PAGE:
My perspective today, as I'm coming out of a rough week, is that advice and forced cheerfulness don't really help someone that is hurting. SINCERE SUPPORT does help. It might take some of your valuable time and energy, but it really helps. If your friend seems down, telling them to 'buck up' isn't going to help; although it might temporarily make you feel better about yourself. The more I think about attitudes, the more I think we need to learn to accept ourselves and those around us, in good times and bad. We are human beings each with a unique combination of attributes that make us whole. And as Dr. Carl Jung said, "I'd rather be whole than good." As whole human beings we have dark thoughts and impulses as well as light. When we deny that part of ourselves, as with denial of any part of ourselves, that part of ourselves won't leave us alone. By accepting and loving the entirety of our beings, we can more easily focus on and share the light. The next time I'm in a slump, I'm going to do my best to accept my poor attitude as part of who I am, a beautiful, moody, sensitive, strong woman. I may try to change my attitude by a degree, but I'm not going to beat myself up just because I'm feeling sad. And when my friends have a negative or sad attitude, I'm going to try to give hugs and let them know that they are beautiful even when they are experiencing pain and that I am so grateful that they are a unique piece in the puzzle of my life.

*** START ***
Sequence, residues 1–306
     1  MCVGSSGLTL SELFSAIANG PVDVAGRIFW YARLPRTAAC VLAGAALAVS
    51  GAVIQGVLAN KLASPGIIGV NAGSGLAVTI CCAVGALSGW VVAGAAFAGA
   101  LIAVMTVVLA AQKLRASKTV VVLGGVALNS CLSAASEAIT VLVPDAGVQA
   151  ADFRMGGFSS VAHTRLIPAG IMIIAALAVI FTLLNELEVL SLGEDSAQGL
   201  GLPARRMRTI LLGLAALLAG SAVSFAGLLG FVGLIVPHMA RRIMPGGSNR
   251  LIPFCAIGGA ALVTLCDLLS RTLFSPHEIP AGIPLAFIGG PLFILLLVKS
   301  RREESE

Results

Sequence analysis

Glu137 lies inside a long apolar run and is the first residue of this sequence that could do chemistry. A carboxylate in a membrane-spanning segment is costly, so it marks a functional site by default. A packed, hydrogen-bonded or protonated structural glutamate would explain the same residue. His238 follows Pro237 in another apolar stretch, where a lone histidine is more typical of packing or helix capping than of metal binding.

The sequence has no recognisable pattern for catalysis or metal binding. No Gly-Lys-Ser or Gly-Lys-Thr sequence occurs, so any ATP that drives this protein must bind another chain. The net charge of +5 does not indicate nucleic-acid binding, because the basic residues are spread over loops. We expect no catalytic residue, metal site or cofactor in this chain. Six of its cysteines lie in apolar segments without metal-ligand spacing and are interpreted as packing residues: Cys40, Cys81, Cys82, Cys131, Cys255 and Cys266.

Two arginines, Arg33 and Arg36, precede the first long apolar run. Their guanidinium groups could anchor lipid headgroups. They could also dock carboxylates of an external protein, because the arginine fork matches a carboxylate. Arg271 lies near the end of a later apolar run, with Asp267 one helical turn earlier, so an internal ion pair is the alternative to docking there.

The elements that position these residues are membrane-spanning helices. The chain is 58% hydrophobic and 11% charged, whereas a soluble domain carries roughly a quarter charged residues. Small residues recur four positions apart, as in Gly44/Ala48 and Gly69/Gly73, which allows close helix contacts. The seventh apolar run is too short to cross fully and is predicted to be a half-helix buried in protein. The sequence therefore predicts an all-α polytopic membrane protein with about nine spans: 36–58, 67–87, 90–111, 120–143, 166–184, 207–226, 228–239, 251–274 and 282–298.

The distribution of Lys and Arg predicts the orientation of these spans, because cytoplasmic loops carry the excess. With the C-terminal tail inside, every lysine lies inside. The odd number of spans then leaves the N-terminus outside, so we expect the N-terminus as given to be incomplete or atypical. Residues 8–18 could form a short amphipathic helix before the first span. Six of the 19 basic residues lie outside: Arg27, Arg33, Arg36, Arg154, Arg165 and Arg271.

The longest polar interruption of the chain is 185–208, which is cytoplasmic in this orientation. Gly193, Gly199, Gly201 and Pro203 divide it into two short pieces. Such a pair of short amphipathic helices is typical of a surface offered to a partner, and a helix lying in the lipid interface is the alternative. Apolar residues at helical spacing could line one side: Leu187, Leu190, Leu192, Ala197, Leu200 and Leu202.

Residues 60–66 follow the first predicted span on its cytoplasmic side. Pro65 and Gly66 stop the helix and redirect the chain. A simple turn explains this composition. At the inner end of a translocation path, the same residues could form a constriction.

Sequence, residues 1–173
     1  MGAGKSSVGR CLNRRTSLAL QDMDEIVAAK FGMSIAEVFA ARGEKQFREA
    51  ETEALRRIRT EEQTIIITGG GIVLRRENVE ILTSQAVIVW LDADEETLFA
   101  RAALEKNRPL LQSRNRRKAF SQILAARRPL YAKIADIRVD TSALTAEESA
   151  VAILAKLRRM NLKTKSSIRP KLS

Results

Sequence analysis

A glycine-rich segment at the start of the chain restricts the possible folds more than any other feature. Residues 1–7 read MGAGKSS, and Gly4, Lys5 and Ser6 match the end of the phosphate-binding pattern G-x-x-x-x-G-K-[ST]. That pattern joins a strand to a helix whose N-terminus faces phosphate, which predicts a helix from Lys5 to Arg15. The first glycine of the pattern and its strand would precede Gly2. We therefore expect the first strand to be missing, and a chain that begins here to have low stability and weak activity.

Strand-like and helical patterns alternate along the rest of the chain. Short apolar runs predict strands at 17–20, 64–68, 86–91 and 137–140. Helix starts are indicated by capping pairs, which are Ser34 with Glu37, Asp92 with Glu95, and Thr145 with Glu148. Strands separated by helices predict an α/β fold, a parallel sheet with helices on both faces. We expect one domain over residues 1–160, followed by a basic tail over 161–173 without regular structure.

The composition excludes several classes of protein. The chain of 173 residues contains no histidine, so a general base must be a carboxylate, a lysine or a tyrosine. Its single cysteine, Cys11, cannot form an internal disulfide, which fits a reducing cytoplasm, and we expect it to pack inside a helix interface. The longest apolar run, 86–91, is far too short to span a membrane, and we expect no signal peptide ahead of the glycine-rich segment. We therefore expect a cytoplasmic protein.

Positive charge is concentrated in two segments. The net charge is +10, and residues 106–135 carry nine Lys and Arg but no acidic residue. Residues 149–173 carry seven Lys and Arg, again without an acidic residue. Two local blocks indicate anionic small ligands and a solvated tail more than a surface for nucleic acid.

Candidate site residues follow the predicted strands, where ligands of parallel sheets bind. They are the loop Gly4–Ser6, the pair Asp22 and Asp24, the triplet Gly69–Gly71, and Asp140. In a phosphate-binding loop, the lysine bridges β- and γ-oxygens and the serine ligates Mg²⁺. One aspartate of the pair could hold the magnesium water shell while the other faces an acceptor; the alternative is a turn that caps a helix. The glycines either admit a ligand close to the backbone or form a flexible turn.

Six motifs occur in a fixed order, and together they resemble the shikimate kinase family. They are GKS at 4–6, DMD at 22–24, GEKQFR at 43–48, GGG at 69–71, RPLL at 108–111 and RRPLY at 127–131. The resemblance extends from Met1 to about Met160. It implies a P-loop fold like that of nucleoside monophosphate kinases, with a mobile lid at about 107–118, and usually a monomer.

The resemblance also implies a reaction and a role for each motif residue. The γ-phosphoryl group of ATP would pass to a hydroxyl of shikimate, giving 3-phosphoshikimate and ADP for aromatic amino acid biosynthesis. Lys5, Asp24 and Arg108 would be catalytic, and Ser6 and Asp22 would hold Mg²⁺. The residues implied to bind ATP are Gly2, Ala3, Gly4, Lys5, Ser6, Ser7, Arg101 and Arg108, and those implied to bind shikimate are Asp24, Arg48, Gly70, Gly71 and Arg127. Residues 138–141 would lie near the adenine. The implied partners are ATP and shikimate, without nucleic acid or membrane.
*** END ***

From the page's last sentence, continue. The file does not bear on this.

Upon re-reading this post, I realized that the majority of what I wrote was negative, or "what not to do," leaving just the last paragraph to emphasize the encouragement part. I thought about changing it, but then decided to accept the process, to accept my feelings and thoughts, and allow them to be seen by you, dear reader. Hopefully my honesty and vulnerability will serve to inspire someone, someday.